For some autistic people, the single most stressful part of any air travel is the security checkpoint. Not only is it a crowded, uncertain process, there is always the risk of being flagged by TSA agents as “suspicious” simply for acting in a way that doesn’t register as fitting allistic norms.
The added intrusion of a special pat down or search can only add to the stress and lead to a snowballing traumatic experience. While we wish we could say there was a way to avoid this risk entirely, there is at least one step you can take ahead of time to try to mitigate the risk of such a negative situation.
The TSA Cares program allows people to submit a form at least 72 hours before their flight to request special assistance and consideration. If it is less than 72 hours until your flight the form also includes a number you can call to make a request. While the TSA is unlikely to ever be perfect in this regard, it certainly does not hurt to give them every opportunity to do the right thing and offer you the accommodations and fair treatment you deserve.
Plan out the whole process in as much detail as you find helpful.
Beyond the systemic challenges associated with air travel, one reason it can be so challenging is that it represents such a major deviation from a regular schedule! While some people are not particularly bothered by this adjustment, others may find themselves thrown off in time-sensitive situations, which is the last thing we want!
If you are concerned about navigating such an unusual schedule, one great way to prepare is plan out your steps ahead of time and keep your plans handy in the event that you need to consult them. Travel can be fundamentally hectic and chaotic, and a reminder of how things are supposed to go can make all the difference in the world.
Make a basic contingency plan to anticipate the most common issues.
Of course, if there is one drawback to planning things out ahead of time, it’s that things don’t always go according to plan. Flights get canceled, the folks at security somehow don’t get the memo about your accommodations, and strangers try to strike up conversations while you both wait on a flight. So many little things can unexpectedly throw us off our plans!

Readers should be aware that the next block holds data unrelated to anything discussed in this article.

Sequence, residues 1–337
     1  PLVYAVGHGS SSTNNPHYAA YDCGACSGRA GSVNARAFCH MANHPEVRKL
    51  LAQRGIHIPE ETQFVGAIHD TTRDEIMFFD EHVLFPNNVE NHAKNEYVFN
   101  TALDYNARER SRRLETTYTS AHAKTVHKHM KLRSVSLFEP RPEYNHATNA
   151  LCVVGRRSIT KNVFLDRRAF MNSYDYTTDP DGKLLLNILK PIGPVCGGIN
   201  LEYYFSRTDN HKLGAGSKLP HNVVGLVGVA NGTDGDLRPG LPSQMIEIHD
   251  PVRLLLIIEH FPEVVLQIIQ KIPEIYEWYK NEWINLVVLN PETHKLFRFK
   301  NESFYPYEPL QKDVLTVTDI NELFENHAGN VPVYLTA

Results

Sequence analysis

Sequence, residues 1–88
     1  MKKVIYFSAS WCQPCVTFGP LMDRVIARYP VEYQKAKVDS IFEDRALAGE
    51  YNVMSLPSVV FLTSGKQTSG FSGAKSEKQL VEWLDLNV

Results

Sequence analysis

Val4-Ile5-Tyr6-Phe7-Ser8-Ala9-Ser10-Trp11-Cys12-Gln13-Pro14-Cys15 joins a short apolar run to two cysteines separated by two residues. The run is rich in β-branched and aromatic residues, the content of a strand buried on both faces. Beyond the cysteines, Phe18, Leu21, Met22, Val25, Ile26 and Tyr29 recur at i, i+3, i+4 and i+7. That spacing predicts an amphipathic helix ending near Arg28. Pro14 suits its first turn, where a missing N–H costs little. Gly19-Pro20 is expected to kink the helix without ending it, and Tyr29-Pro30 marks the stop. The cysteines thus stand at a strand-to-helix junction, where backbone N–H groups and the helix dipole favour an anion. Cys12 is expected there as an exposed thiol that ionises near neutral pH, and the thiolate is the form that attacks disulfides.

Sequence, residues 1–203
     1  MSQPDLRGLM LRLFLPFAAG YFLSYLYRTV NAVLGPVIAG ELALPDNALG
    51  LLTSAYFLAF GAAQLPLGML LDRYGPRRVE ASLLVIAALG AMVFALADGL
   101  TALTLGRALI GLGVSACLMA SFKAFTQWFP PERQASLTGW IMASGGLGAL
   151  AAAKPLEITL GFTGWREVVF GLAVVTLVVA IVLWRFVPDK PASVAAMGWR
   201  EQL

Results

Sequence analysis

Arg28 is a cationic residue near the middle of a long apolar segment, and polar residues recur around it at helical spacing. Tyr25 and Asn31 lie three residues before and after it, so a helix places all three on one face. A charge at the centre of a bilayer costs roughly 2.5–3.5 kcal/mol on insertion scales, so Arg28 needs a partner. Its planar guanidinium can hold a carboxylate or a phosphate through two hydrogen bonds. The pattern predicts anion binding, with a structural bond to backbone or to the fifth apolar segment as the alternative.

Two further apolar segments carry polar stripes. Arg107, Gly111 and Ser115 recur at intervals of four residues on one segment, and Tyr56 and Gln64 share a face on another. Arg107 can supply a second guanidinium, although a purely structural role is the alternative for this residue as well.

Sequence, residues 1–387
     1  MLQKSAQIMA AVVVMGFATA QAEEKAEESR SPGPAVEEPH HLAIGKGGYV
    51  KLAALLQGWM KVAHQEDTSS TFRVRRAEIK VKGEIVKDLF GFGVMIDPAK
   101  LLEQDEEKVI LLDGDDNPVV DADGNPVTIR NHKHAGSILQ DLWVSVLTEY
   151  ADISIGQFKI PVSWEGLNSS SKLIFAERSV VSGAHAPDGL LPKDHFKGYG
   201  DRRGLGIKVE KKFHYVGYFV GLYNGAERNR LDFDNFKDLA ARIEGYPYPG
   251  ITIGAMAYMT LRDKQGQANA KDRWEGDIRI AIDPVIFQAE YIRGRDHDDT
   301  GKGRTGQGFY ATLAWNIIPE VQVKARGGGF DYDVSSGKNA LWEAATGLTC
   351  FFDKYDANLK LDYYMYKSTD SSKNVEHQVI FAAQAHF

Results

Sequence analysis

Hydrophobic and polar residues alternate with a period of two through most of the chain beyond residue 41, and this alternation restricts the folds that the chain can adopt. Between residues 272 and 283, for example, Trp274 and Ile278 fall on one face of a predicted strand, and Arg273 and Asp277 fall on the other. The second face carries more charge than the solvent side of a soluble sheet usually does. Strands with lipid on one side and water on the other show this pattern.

The good news is that we can try to anticipate some of the most common ways that things can go wrong with plans at the airport and try to anticipate what we might do in those situations. For example, preparing for a potential flight cancellation might entail knowing who you will try to speak to and what alternate flight times are acceptable for your schedule.
If security seems unprepared to offer the accommodations you’d been promised, you can prepare ahead of time to think about what you’ll say in that situation, and check if there’s any information you can reference that might help them figure things out.
Likewise, it’s possible to prepare some basic scripts to explain why you don’t want to chat. A good rule of thumb is that if you are worried about the potential for a particular situation, that’s probably a good situation to have a contingency plan for!
Bring comfort items that you feel will help in an unexpected stressful situation.
Despite our best efforts, sometimes airports just put people into uncomfortable situations and there’s not much to be done other than try our best to tolerate them and push through. Given that airports are already such stressful environments it can be hard to find an outlet to unwind or decompress should such a situation unfold.
That is just one reason why it can be so valuable to bring a comfort item that is relevant to you, whether it is something to help block out some sensory input or a fidget item to hold and squeeze or a favorite food that helps boost your mood, it is a great idea to have one or more of those things handy for yourself in the event that they become necessary.
We hope these tips have offered some helpful methods for navigating the challenges of air travel and that over time improved airline and airport accommodations will render such extra efforts unnecessary.
In the meantime, if you are interested in sharing your own travel experiences or things you wish you’d known about air travel before you started then we’d love to hear from you! Just drop us a line at email@example.com and in the meantime happy traveling!